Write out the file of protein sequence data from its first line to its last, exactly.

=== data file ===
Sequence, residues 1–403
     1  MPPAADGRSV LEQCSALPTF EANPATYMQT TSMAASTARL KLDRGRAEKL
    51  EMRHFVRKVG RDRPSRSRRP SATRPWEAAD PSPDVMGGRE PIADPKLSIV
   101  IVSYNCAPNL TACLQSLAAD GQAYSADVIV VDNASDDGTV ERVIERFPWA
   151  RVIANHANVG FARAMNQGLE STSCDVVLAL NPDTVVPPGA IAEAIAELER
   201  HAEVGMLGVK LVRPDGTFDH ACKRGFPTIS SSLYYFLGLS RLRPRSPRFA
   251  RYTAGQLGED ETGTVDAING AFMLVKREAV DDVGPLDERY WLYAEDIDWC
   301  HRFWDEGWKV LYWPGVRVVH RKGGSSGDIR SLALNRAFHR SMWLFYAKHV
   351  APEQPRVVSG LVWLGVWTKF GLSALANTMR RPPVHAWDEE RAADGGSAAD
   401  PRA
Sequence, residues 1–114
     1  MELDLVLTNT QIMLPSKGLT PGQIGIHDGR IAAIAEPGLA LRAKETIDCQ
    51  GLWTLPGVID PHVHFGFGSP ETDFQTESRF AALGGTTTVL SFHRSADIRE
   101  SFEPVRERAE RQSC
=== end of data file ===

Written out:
Sequence, residues 1–403
     1  MPPAADGRSV LEQCSALPTF EANPATYMQT TSMAASTARL KLDRGRAEKL
    51  EMRHFVRKVG RDRPSRSRRP SATRPWEAAD PSPDVMGGRE PIADPKLSIV
   101  IVSYNCAPNL TACLQSLAAD GQAYSADVIV VDNASDDGTV ERVIERFPWA
   151  RVIANHANVG FARAMNQGLE STSCDVVLAL NPDTVVPPGA IAEAIAELER
   201  HAEVGMLGVK LVRPDGTFDH ACKRGFPTIS SSLYYFLGLS RLRPRSPRFA
   251  RYTAGQLGED ETGTVDAING AFMLVKREAV DDVGPLDERY WLYAEDIDWC
   301  HRFWDEGWKV LYWPGVRVVH RKGGSSGDIR SLALNRAFHR SMWLFYAKHV
   351  APEQPRVVSG LVWLGVWTKF GLSALANTMR RPPVHAWDEE RAADGGSAAD
   401  PRA
Sequence, residues 1–114
     1  MELDLVLTNT QIMLPSKGLT PGQIGIHDGR IAAIAEPGLA LRAKETIDCQ
    51  GLWTLPGVID PHVHFGFGSP ETDFQTESRF AALGGTTTVL SFHRSADIRE
   101  SFEPVRERAE RQSC